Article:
PS: Optimization is O2 or better in all of the above timings. Neither instantiation of stringstream nor the reallocation of vector figure in the program profile. Virtually all of the time is spent inside the extraction operator.

  • 4
    I know this isn't an answer to your question, but if performance of such a routine is important to you, you probably want to preallocate your vector using reserve().
    – Turix
    Jul 12, 2012 at 5:55
  • 4
    "When called with a string containing 1 million numbers, the function takes 7.8 seconds to execute (Core i5, 3.3GHz). This means that 25000 CPU cycles are spent to parse ONE NUMBER." Sorry, but you can't calculate cycles that way. I do agree that string parsing is expensive; which is why you should generally store large numbers of numbers in a binary representation.
    – smocking
    Jul 12, 2012 at 6:01
  • 9
    @untraceable, there is a world of difference between FLOPS and Hz; it's like comparing RPM to velocity. Besides, you already mentioned memory access, which is a major bottleneck that doesn't necessarily correlate with the CPU speed. What makes you so sure you're not accessing "memory all over the place"?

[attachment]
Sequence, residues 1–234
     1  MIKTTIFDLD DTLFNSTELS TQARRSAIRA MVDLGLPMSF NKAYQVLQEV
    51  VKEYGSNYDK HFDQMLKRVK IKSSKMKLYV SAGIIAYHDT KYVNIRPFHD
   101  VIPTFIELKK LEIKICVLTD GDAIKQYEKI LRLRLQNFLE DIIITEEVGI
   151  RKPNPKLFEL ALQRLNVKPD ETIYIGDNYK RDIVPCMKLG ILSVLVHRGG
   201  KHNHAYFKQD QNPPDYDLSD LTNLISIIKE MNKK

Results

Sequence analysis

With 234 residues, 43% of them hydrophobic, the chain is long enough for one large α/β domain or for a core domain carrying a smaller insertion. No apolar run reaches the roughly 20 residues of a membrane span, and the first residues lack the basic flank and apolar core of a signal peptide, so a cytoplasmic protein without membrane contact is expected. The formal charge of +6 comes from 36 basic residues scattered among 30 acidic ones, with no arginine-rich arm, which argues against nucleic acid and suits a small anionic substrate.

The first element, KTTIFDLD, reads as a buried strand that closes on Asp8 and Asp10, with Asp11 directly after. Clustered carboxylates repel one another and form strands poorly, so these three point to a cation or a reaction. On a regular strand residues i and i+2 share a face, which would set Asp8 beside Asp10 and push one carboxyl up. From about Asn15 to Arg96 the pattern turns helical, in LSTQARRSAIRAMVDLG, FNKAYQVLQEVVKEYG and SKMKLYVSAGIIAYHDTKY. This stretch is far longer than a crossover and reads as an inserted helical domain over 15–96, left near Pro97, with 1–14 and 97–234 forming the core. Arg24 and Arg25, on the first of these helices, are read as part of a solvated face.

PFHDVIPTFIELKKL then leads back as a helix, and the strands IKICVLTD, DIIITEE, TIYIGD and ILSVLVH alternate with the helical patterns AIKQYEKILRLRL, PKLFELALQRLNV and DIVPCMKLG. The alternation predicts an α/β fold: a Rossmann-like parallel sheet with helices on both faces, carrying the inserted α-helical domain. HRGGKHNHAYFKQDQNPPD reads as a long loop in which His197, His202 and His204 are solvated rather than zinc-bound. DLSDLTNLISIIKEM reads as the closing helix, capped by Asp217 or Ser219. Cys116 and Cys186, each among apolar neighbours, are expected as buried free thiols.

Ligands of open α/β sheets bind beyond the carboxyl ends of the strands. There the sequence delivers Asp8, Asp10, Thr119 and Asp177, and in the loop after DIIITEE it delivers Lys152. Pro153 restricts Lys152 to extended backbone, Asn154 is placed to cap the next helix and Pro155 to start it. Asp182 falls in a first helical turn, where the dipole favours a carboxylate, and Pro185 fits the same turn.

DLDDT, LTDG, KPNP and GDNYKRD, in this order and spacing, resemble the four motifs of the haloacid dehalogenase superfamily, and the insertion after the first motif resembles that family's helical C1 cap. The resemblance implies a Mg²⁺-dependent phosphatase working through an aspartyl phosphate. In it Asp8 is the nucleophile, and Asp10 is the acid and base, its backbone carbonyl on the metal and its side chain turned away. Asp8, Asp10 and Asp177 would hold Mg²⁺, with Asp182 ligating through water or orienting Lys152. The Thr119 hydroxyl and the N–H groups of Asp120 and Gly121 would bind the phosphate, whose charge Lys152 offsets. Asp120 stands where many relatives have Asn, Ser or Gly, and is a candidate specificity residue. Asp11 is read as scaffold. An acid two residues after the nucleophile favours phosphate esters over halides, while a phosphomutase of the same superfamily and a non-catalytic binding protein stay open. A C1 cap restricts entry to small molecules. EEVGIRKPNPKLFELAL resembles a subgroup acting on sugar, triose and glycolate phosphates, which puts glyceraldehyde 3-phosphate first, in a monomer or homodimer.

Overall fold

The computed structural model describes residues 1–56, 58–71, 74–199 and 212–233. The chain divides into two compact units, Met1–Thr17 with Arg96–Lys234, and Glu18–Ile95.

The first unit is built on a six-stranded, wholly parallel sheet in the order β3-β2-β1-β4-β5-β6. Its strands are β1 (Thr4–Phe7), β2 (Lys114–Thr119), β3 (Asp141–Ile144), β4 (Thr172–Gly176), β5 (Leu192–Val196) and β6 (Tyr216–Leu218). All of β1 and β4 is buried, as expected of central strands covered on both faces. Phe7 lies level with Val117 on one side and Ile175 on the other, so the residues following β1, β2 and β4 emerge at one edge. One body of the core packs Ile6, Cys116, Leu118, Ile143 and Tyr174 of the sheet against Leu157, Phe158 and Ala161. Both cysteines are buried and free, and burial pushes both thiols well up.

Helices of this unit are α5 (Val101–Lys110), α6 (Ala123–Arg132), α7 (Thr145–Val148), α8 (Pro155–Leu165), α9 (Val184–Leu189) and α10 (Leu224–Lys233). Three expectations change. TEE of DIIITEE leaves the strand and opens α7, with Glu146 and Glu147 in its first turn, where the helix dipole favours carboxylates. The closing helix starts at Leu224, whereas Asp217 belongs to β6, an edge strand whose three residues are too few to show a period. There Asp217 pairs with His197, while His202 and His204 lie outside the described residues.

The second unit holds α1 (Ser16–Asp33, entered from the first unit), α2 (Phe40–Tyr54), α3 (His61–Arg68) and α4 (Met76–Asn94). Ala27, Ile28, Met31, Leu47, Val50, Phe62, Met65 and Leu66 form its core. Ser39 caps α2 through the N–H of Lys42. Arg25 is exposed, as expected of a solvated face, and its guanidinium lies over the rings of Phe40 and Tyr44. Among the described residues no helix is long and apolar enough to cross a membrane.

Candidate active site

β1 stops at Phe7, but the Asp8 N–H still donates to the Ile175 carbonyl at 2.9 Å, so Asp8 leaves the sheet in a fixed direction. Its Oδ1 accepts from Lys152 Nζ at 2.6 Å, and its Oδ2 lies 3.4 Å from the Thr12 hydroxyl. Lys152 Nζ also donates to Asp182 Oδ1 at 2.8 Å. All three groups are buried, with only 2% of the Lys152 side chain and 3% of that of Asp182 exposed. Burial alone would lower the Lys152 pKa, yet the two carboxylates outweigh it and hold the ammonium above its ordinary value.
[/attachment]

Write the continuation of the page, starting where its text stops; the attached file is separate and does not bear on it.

– smocking
    Jul 12, 2012 at 6:27
  • 1
    @untraceable: just to make sure... this is optimized code, right ? Jul 12, 2012 at 7:24
  • 1
    @user315052: Can you explain what you mean? stringstream isn't just like an iostream. It is an iostream. Jul 12, 2012 at 16:48

5 Answers 5


On my Linux VM running on a 1.6 GHz i7, it takes less than half a second. My conclusion is that the parsing is not as slow as you are observing it to be. There must be some other artifact that you are measuring to cause your observation to be so vastly different from mine. So that we can be more sure we are comparing apples to apples, I'll provide what I did.